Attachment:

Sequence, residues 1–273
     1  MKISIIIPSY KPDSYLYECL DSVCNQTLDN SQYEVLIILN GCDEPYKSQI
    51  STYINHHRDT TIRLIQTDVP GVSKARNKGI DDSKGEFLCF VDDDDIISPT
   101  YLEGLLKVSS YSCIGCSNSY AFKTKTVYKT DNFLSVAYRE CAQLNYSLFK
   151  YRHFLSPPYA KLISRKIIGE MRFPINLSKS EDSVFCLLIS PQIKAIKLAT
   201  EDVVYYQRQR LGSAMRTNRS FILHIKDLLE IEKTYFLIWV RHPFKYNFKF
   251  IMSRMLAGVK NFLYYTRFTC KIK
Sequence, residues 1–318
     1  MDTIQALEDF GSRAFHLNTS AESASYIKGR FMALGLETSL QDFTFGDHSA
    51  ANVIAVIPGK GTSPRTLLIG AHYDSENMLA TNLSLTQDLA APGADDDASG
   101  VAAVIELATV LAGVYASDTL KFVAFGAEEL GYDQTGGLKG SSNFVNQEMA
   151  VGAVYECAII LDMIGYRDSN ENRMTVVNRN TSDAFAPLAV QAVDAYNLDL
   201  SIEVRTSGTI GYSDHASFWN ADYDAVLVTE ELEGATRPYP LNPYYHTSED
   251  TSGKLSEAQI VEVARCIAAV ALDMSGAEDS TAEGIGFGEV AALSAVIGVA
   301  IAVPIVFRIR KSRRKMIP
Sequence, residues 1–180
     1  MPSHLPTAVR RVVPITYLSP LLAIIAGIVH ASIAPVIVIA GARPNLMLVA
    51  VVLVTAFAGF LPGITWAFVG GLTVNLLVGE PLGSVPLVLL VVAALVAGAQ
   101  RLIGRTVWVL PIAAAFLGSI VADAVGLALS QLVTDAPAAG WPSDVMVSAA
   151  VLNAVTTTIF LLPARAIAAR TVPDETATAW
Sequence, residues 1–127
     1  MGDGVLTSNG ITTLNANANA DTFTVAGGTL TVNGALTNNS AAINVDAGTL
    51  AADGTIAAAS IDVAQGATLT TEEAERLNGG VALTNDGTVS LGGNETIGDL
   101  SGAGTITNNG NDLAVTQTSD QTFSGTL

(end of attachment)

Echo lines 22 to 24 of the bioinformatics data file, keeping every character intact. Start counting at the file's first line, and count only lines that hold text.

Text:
     1  MGDGVLTSNG ITTLNANANA DTFTVAGGTL TVNGALTNNS AAINVDAGTL
    51  AADGTIAAAS IDVAQGATLT TEEAERLNGG VALTNDGTVS LGGNETIGDL
   101  SGAGTITNNG NDLAVTQTSD QTFSGTL